Decolonizing Futures: Transforming an Era of Environmental Catastrophe, Poverty, Hatred, Discrimination and Violence into an Era of Hope
Date: 12-15 July 2024 Venue: Meio University in Nago, Okinawa
In 1492, Christopher Columbus arrived in the so-called ‘New World’, marking the beginning of the colonial era, intertwined with racism and capitalism. Today, the legacy of colonialism persists in former colonies and continues globally in the form of settler colonialism. The world’s climate crisis and unequal distribution of wealth caused by the never-ending expansion of capitalism, as well as imperialist wars such as the Russian invasion of Ukraine and the Israeli genocide of the Palestinians, leave many people feeling powerless. Although the United Nations has issued numerous instruments to protect the environment and human rights, state sovereignty often hinders their effectiveness.
In so-called ‘Okinawa’, the people of the Ryukyu Islands have been subjected to social injustices at the hands of Japanese and US colonialists. These injustices include dispossession of land and autonomy, water pollution, racial discrimination, sexual violence against Indigenous women and the imposition of centralized and standardized education models that replace traditional land-based models which encourage Indigenous languages and culture.
We call for researchers, artists and activists to submit their abstracts for presentation to us, exploring ways to transform this era of environmental catastrophe, poverty, hatred, discrimination and violence into an era of hope. We also encourage all those who, through their research, art and activism, seek to challenge colonialism, capitalism and patriarchy to work together with us towards decolonizing futures. In this seminar on 13-15 July, there will be several sessions consisting of presentations. Abstracts will be categorized into several sessions after collecting submitted abstracts. Additionally, there will be four special sessions:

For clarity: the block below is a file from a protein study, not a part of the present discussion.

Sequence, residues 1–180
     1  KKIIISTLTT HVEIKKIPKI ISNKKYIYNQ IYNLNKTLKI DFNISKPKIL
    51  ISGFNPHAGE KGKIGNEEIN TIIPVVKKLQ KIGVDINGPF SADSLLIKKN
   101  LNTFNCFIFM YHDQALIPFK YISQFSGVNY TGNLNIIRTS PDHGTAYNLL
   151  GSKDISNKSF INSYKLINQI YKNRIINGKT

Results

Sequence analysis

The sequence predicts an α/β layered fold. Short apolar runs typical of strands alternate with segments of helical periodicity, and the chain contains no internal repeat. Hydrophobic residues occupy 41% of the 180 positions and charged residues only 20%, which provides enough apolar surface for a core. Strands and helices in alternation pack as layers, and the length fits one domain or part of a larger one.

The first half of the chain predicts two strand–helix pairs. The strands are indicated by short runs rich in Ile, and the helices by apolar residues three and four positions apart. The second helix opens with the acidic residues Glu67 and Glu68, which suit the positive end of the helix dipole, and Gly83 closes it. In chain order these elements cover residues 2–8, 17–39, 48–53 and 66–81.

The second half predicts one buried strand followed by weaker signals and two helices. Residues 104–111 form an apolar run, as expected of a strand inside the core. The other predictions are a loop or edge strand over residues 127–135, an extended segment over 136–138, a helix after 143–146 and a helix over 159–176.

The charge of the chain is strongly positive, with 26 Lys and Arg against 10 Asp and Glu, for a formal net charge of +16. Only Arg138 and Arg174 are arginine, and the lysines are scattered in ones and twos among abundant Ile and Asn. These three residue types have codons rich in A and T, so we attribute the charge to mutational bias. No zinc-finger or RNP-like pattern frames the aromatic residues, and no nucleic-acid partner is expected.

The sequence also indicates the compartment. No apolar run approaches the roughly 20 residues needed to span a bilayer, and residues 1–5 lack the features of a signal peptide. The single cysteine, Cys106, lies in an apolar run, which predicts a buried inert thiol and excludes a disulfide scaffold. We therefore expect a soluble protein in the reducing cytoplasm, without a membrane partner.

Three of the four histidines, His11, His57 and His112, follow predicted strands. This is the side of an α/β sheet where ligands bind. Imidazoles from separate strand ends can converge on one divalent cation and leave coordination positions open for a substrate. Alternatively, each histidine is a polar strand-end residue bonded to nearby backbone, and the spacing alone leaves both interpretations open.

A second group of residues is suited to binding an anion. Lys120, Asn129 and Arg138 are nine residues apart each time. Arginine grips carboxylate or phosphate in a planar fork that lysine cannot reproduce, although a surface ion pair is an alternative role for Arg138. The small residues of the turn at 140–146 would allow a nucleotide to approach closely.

Panel on Indigenous Feminism and Multiple Forms of Discrimination against Indigenous Women (panellists: Cindy Gaudet, Olivia Doyle, Madoka Hammine)
Panel on Art and Activism Under and Against Settler Colonialism (panellists: Antonie Frank, Maki Nakachi,Kanae Uema, Hiroshi Maruyama)
Panel on Ethical Guidelines for Research (panellists: Carles Jornet, Miho Zlazli, Seira Duncan)
Workshop on Language Reclamation in Ryukyus and Okinawa (presenters: Jelisava Sethna, Sachiyo Fujita-Round, Joy Taniguchi, Masahide Ishihara, Akiko Yokoyama, Mathew Topping)
Furthermore, on 12 July, a day before the seminar, excursions are planned for learning about Ryukyuan culture, nature, and the dual settler colonialism the people of the Ryukyus are struggling against. We will visit three sites: Henoko, Nakamura Residence and Yambaru.
The number of words in the abstract is limited to 150-200. Authors must include the title, affiliation, email address, and 4-5 keywords in the abstract. The completed abstract should be submitted to Madoka Hammine at: firstname.lastname@example.org before the 1st of May, 2024.
A draft programme, including sessions, panel discussions, a workshop, banquet and excursion, and abstract book will be released by the end of June 2024 on the website of CEMiPoS (https://cemipos.org/).
Madoka Hammine, Associate Professor, Meio University
Kaoru Okano, Professor, Okinawa International University
Miho Zlazli, PhD Candidate, SOAS University of London
Masahide Ishihara, Professor, The University of the Ryukyus
Maki Nakachi, Citizen of Nanjo, Okinawa
Sylwia Dobkowska, Assistant Professor, University of Gdańsk
Seira Duncan, PhD Candidate, University of Eastern Finland
Carles Jornet, PhD Candidate, University of Sydney
Meindert Boersma, MPhil, University of Cambridge
Hiroshi Maruyama, Director, Centre for Environmental and Minority Policy Studies
Please find the pdf version of the call for abstracts for distribution here.
Photo credits: Antonie Frank Grahamsdaughter, The Route